Nowhere is the trend towards Röpke’s Vermassung in institutional life more apparent than in the American private sector. Large private institutions in the United States have more influence over the political and popular culture than ever before. Americans, who traditionally prided themselves on their independence from large institutions of any kind, now work at large firms at a much higher rate than in the past, and this trend has been accelerating since the 1980s. According to the Wall Street Journal, 39.2 percent of working Americans now work at firms with more than 2,500 employees; and, since the late 1990s, they are more likely to work at these large firms than at companies with fewer than 100 employees.
The most concerning contributing factor towards this trend is the marked decline in American entrepreneurialism and business formation. Though the “start-up” company enjoys greater prestige and press coverage than ever before (albeit chiefly in the field of technology), the percentage of American firms less than one year old has been steadily declining since the 1980s. In 1984, 13.1 percent of American firms met this criterium. In 2014, the last date for which census data are available, this number had declined to eight percent.11 The number of jobs created by recent start-ups has also been in decline. In 1999, 4.7 million jobs were created by start-ups less than one year old. Despite an increase in the population of roughly 50 million people over the next two decades, in 2019 this number was just over 3.1 million. These trends are especially concerning given the astonishing increase in service-sector jobs over the last 40 years. One would expect entrepreneurs and smaller businesses to be well positioned to meet new service-sector demand, but much of this growth has gone to chains; firms with more than 2,500 employees now account for 35 percent of service-sector employment, up from just 18.7 percent in 1980.12
Though difficult to quantify, the social consequences of this trend are alarming. In response to external and internal political pressures, large companies have, in recent years, adopted political stances on a variety of issues. As society has become more divided, traditional shareholder duty theory—i.e., that companies have only a duty to return higher profits to their shareholders—has come under attack. In a society without a common culture or values, all company decisions, from hiring to investment, effectively become partisan political issues. Political movements led by vocal factions have succeeded in securing institutional acceptance and having their views disseminated across society with the help of these organisations. If the trend towards larger, more politically active companies continues, these political movements will enjoy even greater influence on both industry and society.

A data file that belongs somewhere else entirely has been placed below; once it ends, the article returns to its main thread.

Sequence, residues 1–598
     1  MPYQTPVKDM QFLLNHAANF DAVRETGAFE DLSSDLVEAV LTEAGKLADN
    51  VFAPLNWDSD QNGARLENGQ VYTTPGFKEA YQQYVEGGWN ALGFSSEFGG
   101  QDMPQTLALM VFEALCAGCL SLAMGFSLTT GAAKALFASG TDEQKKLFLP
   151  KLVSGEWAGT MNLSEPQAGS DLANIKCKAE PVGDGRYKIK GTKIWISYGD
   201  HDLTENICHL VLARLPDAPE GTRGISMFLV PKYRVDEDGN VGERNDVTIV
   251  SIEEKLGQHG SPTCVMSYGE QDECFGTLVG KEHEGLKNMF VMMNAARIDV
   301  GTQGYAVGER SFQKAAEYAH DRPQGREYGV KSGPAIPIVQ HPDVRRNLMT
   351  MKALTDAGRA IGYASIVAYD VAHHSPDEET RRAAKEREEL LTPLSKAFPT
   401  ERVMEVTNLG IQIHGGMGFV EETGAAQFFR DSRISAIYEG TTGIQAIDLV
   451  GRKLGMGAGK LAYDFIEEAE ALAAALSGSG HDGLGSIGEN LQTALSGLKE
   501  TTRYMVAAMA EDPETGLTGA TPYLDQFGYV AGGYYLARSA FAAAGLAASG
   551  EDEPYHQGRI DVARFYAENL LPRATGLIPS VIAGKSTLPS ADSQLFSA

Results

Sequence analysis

The effects of this influence can already be seen within large companies. Employees who disagree with the increasing politicisation of working life are fearful of voicing their concerns. Moreover, the process of “making it” within large, increasingly diverse and political institutions requires one to conform, and there are strong incentives to join in the recital of the social catechism du jour.
As greater portions of everyday life—from work, to consumption, to entertainment—have been channelled through institutional life, and the standard of living of millions of Americans has become more dependent on the wealth of these organisations, the government has tended to grow up around private industry, helping to entrench institutional life. As the modern economy and state grew together, liberal pluralism was transformed by what the late political scientist Howard J. Wiarda termed “neo-corporatism,” which, by the mid-to-late 20th century, had produced an emergent dual power structure, “On one side is the democratic structure… of political parties, regular elections, parliament, and prime minister. But on the other side is the structure of neo-corporatism: corporative groups, regulatory agencies, government offices, cabinet ministries, and the bureaucracy…”13
As representatives from various industries were brought into the fold of the administrative state to help ensure compliance with regulations, entrenched interests formed and the line between state and society became increasingly blurred.14 What began as an attempt to more efficaciously align the administrative state with the pluralistic private interests it was in theory supposed to be representing soon became a “corporatized group system” which dictated and “had effective veto power over reform,” so that “[t]eacher’s unions could block educational reforms… while the military-industrial complex could block Department of Defense budget reductions.”15